Tryp Therapeutics And Massachusetts General Hospital To Conduct Phase 2 Psilocybin Study On IBS

Psychedelics company Tryp Therapeutics Inc. TRYPF and Harvard’s largest medical teaching facility, the Massachusetts General Hospital (MGH) have inked a Letter of Intent (LOI) to fund and conduct a Phase 2a clinical trial assessing the effects of psilocybin-assisted psychotherapy in the treatment of adult patients with Irritable Bowel Syndrome (IBS.) 

Tryp Therapeutics is a clinical-stage biotech company developing IV-infused therapies based on the magic mushroom components for a variety of health conditions with unmet medical needs as is the case with IBS – a common, chronic and often debilitating condition affecting almost 4-5% of the total population. A large number of IBS sufferers find no relief in current treatments. 

The planned study will evaluate the effect of psilocybin-assisted therapy in patients with treatment-resistant IBS who experience chronic abdominal pain and other debilitating gastrointestinal symptoms, while fibromyalgia, anxiety and fatigue are also commonly associated health conditions.

The study’s primary efficacy endpoint will be the improvement in abdominal pain and will also regard and compare other data such as changes in brain connectivity and responses to pain at baseline and at four weeks, six months and twelve months post-session.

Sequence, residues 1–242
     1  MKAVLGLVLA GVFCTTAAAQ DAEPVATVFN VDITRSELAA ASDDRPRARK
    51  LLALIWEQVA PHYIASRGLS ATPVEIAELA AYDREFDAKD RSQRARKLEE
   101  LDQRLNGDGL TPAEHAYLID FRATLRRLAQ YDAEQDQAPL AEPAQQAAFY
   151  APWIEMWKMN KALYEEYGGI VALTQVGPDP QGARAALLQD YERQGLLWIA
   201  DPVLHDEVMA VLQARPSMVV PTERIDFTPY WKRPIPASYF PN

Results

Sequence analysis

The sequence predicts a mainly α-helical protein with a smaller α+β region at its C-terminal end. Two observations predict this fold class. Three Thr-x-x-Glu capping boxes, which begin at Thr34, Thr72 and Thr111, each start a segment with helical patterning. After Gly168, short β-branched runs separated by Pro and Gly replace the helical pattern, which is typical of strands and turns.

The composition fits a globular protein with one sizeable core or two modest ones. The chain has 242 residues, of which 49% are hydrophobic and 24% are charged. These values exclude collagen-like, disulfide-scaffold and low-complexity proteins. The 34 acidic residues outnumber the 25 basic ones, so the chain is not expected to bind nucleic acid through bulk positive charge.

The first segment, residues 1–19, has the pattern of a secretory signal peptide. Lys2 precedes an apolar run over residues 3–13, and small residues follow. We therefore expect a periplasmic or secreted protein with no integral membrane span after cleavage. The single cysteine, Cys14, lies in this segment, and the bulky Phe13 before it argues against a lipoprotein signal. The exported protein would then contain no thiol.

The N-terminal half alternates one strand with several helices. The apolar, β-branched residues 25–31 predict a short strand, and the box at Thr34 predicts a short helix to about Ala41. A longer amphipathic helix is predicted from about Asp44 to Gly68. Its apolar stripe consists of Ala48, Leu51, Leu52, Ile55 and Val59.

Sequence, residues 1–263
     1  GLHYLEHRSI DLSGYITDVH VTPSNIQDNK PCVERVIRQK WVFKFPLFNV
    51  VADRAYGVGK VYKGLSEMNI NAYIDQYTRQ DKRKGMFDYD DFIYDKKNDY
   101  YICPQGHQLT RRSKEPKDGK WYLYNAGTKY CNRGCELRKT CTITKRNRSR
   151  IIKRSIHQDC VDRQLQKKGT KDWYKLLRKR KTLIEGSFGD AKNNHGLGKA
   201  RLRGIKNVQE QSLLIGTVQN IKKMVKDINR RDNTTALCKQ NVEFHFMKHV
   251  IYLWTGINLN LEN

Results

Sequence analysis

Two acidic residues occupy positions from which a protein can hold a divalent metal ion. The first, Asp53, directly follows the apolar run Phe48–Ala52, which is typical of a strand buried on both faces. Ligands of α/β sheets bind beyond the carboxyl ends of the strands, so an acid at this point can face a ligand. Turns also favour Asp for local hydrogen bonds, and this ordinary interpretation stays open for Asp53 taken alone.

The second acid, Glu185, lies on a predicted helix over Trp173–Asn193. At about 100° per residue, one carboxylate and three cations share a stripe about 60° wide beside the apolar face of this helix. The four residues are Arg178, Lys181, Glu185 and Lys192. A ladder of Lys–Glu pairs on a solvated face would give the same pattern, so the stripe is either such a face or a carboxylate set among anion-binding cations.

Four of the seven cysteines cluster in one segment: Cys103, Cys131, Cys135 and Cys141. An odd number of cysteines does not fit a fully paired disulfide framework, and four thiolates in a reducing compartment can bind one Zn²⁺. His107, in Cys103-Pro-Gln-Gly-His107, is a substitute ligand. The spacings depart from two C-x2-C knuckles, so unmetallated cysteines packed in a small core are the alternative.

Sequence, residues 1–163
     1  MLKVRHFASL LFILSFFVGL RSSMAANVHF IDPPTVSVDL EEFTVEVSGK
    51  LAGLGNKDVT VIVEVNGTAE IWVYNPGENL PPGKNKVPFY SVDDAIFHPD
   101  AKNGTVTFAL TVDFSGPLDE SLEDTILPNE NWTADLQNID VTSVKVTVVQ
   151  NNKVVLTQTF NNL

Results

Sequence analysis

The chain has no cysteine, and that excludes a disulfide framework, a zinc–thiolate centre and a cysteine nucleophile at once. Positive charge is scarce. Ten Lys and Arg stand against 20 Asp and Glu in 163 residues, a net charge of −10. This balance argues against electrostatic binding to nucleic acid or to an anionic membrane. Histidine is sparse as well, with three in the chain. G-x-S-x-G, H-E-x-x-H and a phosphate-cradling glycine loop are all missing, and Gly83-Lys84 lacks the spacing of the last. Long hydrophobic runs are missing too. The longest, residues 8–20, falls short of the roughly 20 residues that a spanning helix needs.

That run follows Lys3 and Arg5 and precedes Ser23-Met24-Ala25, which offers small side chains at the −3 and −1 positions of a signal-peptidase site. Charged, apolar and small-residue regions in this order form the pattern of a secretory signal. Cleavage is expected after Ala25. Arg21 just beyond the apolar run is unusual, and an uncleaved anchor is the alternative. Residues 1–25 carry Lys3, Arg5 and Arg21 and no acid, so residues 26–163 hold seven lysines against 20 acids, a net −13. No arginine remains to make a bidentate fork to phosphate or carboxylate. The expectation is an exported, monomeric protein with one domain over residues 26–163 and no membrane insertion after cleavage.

Dr. Erin Mauney, pediatric gastroenterology fellow at Mass General and the trial’s PI, says there is “tremendous potential” for the treatment of debilitating IBS and other gut-brain interaction disorders via the combined administration of psilocybin and psychotherapy. 

The new trial will examine how this combination may alter important brain networks involved in chronic pain and gastrointestinal-specific anxiety in IBS to “bolster the neural flexibility in these patients and thereby reduce visceral hypersensitivity,” Mauney added.

On behalf of Tryp Therapeutics, CEO Dr. Jim Gilligan said, “MGH is an ideal partner for Tryp to expand on its strategy of utilizing oral psilocybin TRP-8802 to explore the clinical potential of psilocybin-assisted psychotherapy in new indications.” 

The new agreement sets the stage for the company to submit the IND clinical trial application. If granted, and should the study deliver positive outcomes, Tryp would continue clinical development for IBS with the company’s proprietary IV-infused psilocin formulation, TRP-8803.

According to Gilligan, this route “alleviates numerous shortcomings of oral psilocybin, including significantly reducing the time to onset of the psychedelic state, controlling the depth and duration of the psychedelic experience, and reducing the overall duration of the intervention to a commercially feasible time frame.”


This article was originally published on Benzinga and appears here with permission.

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